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Video Self-Monitoring Use for Social Behavior

Tina Veale, Ph.D., CCC-SLP

March 10, 2014

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Question

Does video self-monitoring require the child to keep data and evaluate it regarding his or her social behavior?

Answer

It only requires it if you require it.  I do have students count behaviors.  We identify a behavior.  For instance, I was working with a young man and he was pretty adept socially.  He was in all regular classes without an aide and was doing very well.  He did have this odd social mannerism of scratching his head that I could not get him to reduce. He would scratch his head all the time.  In one minute, he might reach up and frantically scratch his head 10 times.  It was very odd looking and very off-putting to other children.  No matter what I tried, I could not get him to stop this.  We videotaped him and it was a very concrete behavior that he could identify.  I had him count it in a certain time period.  We set a timer and he had to count how many times it happened within about 5 minutes.  He could not believe how many times he actually did that.  Then we talked about how to reduce it.  The behavior then immediately went down when he could see the number of times and graphing how many times.  It was very self-reinforcing to see that.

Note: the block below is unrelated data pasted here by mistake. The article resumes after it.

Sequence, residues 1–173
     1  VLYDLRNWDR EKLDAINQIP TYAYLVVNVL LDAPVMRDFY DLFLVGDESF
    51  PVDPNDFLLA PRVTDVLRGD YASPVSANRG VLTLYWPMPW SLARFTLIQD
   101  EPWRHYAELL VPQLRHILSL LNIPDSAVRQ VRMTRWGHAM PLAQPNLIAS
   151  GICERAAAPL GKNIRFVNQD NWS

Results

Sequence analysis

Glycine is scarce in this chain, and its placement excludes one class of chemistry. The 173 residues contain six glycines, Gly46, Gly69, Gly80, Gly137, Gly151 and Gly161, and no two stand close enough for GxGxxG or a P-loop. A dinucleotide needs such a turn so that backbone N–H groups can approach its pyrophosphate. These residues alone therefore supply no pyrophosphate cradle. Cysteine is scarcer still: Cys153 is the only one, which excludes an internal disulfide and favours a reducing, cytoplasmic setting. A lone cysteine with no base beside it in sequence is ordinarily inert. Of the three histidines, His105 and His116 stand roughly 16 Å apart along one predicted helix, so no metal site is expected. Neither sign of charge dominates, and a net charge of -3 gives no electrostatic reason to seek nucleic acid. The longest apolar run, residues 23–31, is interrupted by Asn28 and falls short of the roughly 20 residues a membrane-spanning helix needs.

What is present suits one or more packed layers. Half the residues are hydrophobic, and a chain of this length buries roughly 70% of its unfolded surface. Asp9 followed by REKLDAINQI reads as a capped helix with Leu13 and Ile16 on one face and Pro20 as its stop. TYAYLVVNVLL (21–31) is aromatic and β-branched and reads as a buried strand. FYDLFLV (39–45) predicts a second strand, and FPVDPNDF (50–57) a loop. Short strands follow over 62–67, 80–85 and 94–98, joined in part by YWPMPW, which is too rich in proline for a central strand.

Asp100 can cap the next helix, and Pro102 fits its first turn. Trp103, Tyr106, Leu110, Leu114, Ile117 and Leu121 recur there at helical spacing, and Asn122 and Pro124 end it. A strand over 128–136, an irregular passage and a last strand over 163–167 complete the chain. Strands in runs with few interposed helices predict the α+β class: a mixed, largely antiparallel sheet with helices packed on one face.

Tina Veale is Program Director and Professor in the Speech-Language Pathology Program at Midwestern University.  Dr. Veale teaches courses in research methods, child language disorders, autism spectrum disorders, neurology, and motor speech disorders.  Clinically, she addresses the needs of clients with autism and other developmental disabilities.  


tina veale

Tina Veale, Ph.D., CCC-SLP

Tina Veale is Program Director and Professor in the Speech-Language Pathology Program at Midwestern University.  Dr. Veale teaches courses in research methods, child language disorders, autism spectrum disorders, neurology, and motor speech disorders.  Clinically, she addresses the needs of clients with autism and other developmental disabilities.  


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